Lost and found in music
Psychologies|February 2020
Rachel Chalmers struggled with anxiety until she learned to play an instrument – and found a gateway to mindfulness

My introduction to music was the Spice Girls, whose feel-good song Wannabe blared through my mum’s car stereo just before my seventh birthday and instantly lifted my mood. I was soon playing the band’s songs on repeat, begging my mum to let me try my hand at a musical instrument, so I could work toward my fantasy of one day sharing a stage with Victoria Beckham. Piano teachers were scarce in our area, so I had no choice but to learn from an unsmiling one who instructed me to play cliched beginner’s pieces, scolded me when I struck the wrong key and punished me with extra practice on her basement piano.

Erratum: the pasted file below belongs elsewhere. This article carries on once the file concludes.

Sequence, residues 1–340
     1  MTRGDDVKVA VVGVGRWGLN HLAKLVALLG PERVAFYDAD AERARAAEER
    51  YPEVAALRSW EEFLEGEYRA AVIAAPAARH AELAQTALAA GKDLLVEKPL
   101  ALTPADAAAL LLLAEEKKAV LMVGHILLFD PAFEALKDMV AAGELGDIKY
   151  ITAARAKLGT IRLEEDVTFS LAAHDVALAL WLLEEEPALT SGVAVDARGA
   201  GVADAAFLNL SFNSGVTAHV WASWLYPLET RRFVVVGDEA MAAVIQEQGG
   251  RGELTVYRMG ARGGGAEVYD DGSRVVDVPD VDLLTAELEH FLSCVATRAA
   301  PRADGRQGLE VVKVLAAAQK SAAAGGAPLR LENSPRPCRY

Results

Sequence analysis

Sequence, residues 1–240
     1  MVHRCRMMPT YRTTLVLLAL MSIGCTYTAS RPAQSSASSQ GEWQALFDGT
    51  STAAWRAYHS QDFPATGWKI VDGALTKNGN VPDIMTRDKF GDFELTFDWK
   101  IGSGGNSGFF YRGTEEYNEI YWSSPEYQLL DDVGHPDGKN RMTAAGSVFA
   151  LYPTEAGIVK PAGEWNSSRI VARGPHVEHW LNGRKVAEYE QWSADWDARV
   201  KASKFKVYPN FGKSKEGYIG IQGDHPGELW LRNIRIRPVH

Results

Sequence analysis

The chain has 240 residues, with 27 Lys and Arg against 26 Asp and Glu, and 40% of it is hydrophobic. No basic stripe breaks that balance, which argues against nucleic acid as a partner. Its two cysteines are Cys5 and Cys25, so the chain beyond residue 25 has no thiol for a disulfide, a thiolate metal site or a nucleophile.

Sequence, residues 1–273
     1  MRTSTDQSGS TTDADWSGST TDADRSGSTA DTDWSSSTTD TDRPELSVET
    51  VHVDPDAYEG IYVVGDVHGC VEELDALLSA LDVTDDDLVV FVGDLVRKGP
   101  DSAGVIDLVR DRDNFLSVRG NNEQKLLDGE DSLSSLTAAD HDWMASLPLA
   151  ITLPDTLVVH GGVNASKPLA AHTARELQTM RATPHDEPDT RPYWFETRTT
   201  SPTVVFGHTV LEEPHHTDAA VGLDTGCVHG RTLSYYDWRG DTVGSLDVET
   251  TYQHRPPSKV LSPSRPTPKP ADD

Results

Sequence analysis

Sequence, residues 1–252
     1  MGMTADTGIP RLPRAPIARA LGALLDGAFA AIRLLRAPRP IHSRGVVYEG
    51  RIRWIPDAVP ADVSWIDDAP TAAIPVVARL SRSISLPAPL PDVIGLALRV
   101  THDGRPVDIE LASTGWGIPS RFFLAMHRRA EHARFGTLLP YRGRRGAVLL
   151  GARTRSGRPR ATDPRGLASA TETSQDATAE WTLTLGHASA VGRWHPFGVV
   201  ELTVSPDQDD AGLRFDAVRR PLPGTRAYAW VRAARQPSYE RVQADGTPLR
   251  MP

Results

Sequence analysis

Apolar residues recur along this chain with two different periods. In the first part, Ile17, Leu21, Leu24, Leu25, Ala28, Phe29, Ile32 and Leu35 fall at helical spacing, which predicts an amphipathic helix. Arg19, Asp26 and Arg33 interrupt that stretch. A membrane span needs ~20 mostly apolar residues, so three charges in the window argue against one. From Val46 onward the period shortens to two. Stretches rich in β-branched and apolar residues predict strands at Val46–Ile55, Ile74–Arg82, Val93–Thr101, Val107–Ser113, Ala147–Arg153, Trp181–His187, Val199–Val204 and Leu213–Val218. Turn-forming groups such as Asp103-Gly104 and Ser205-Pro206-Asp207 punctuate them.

Somewhere in my subconscious, my passion for music still flickered and, in my early 20s, it was brought back to life. I was navigating a period of profound anxiety, feeling isolated, agitated and – so I thought – without hope. Reaching for a lifeline, I typed ‘meditation music’ into my laptop search bar and stumbled upon a YouTube video of a harpist playing Ludovico Einaudi’s Fly. As if by magic, I felt my worries escape me. It was unlike any relief I’d experienced, and I watched as the harpist plucked the strings to create one of the most beautiful, moving and healing melodies I’d heard.

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